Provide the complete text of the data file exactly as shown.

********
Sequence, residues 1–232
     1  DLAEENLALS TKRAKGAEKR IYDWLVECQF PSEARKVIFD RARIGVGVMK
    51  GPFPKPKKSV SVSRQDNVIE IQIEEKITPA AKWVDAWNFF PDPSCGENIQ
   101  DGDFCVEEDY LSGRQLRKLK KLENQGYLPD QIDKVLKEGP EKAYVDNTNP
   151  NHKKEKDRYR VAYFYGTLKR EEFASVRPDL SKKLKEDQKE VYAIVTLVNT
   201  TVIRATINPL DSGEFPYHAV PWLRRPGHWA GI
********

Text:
Sequence, residues 1–232
     1  DLAEENLALS TKRAKGAEKR IYDWLVECQF PSEARKVIFD RARIGVGVMK
    51  GPFPKPKKSV SVSRQDNVIE IQIEEKITPA AKWVDAWNFF PDPSCGENIQ
   101  DGDFCVEEDY LSGRQLRKLK KLENQGYLPD QIDKVLKEGP EKAYVDNTNP
   151  NHKKEKDRYR VAYFYGTLKR EEFASVRPDL SKKLKEDQKE VYAIVTLVNT
   201  TVIRATINPL DSGEFPYHAV PWLRRPGHWA GI